Farmers can cash in on carbon credit selling program


SALEM, Ohio – A new program is offering a financial incentive for farmers who are good environmental stewards.
The National Farmers Union
has partnered with the Chicago Climate Exchange to let farmers sell carbon credits from their farmland to Fortune 500 companies who need to offset their emissions.
Farmers get paid for their good work, and the companies pay up for their effects on the environment, explained Emily Eisenberg, communications director for the Farmers Union.
Exchange. The voluntary program was launched Oct. 9.
Credits can be sold by those doing no-till cropping, long-term grasslands, forestry, and other practices. These practices help store or “sequester” carbon and reduce carbon dioxide in the atmosphere.
Carbon dioxide is one of six greenhouse gases that trap heat in the atmosphere, producing an increase in the temperature and global warming.
“Farmers can play a key role in helping address one of the biggest environmental challenges confronting our nation, and the world,” NFU President Tom Buis said.
Wide open. Farmers in any state can enroll, even if they’re not members of the national or state farmers union.
Immediate enrollment efforts will focus on the Corn Belt and Mississippi River corridor.
Part of the enrollment is an automatic membership to the farmers union, Eisenberg explained.
Eisenberg said the farmers union is simply a middle man in the process of selling the credits and acts as a facilitator to be sure producers are receiving their checks.
The program was piloted by the North Dakota Farmers Union, whose members have been selling carbon credits for a couple of months, Eisenberg said.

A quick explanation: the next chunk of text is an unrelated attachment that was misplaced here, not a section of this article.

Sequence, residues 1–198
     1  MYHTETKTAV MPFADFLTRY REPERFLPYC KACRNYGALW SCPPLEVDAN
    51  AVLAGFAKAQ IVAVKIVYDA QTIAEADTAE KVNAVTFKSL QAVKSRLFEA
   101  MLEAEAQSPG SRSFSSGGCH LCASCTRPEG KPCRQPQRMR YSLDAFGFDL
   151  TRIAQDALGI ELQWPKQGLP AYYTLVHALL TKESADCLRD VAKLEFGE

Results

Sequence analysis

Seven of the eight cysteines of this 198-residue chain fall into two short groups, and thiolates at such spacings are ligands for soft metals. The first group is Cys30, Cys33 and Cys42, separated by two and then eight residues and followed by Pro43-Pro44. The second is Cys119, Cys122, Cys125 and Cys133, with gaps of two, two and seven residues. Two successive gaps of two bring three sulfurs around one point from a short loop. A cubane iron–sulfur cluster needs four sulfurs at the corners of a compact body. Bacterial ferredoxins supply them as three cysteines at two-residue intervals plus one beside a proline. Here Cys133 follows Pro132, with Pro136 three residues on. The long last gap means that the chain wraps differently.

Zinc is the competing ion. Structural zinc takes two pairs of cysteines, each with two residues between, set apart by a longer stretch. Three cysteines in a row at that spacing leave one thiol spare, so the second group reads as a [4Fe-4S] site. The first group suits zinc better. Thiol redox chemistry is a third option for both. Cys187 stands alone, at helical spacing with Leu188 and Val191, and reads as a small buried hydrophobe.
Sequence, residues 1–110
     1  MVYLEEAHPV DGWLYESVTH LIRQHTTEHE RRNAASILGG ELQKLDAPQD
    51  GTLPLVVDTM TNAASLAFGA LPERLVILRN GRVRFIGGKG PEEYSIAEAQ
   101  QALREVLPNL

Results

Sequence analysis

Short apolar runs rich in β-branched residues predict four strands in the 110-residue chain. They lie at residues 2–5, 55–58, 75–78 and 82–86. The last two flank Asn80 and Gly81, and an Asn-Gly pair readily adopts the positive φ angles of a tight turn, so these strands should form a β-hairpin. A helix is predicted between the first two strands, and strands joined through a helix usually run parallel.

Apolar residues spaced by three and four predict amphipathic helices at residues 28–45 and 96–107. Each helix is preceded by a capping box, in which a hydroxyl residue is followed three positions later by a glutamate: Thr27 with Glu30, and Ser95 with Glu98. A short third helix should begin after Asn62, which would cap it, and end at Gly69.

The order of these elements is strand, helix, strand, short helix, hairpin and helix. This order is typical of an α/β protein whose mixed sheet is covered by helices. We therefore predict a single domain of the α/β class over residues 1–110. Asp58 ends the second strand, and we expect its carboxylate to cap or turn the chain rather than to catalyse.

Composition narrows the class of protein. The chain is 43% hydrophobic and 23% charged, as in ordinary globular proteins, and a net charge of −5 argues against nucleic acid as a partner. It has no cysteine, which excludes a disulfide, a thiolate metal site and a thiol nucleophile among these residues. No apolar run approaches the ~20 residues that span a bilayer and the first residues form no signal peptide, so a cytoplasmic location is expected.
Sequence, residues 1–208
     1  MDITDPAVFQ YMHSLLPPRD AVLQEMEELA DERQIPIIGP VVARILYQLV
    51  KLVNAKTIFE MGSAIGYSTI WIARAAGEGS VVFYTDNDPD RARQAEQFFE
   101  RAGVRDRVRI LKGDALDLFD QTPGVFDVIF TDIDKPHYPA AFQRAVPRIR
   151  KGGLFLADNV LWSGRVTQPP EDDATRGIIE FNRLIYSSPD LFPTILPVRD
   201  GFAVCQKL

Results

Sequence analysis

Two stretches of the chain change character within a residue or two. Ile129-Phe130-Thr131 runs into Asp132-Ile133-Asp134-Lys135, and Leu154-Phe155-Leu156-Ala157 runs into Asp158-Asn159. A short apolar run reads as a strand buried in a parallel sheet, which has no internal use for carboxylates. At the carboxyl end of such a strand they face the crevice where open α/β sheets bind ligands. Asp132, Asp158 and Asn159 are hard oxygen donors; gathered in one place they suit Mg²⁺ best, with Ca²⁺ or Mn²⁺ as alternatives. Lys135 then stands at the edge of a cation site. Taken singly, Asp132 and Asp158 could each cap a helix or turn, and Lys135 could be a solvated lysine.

“Some farmers may have hundreds or thousands of acres they no-till already. Now they can get paid for what they’re already doing. This program doesn’t necessarily mean any changes,” have to be made, Eisenberg said.
Like selling crops. The Chicago Climate Exchange is the world’s first greenhouse gas emissions trading system.
It works on the same principles as the Chicago Mercantile Exchange or Chicago Board of Trade, where most farmers sell their commodities. Farmers contract to sell carbon credits on their property, and earn income based on the acres they have enrolled.
Prices fluctuate with the market. At the end of the trading day Oct. 6, prices for vintage 2006 and 2007 carbon contracts settled at $3.85 per ton.
Example. You’re not going to get rich on this, but selling carbon credits can add black ink to the farm’s balance sheet.
For example, just no-till cropping 250 acres – something many farmers are already doing – for a five-year contract can earn a farmer an easy $1,800, according to an estimator tool on the North Dakota Farmers Union Web site.
Make that 1,000 acres and the income rockets to $7,200 over five years.
Those numbers are figured with the assumption the land sequesters 0.4 tons of carbon per acre per year at a rate of $4 per ton.
In another hypothetical situation plugged into the estimator, seeding long-term grass on 20 acres would pay about $270.
Expectations. Eisenberg said farmers who enroll in the program before Nov. 1 can qualify to receive double payments.
“We’re expecting this to be very popular,” Eisenberg said. “We know people in agriculture want to do the right thing for the environment, and making a fair profit from it creates a win-win situation.”
(Reporter Andrea Myers welcomes reader feedback by phone at 800-837-3419 or by e-mail at


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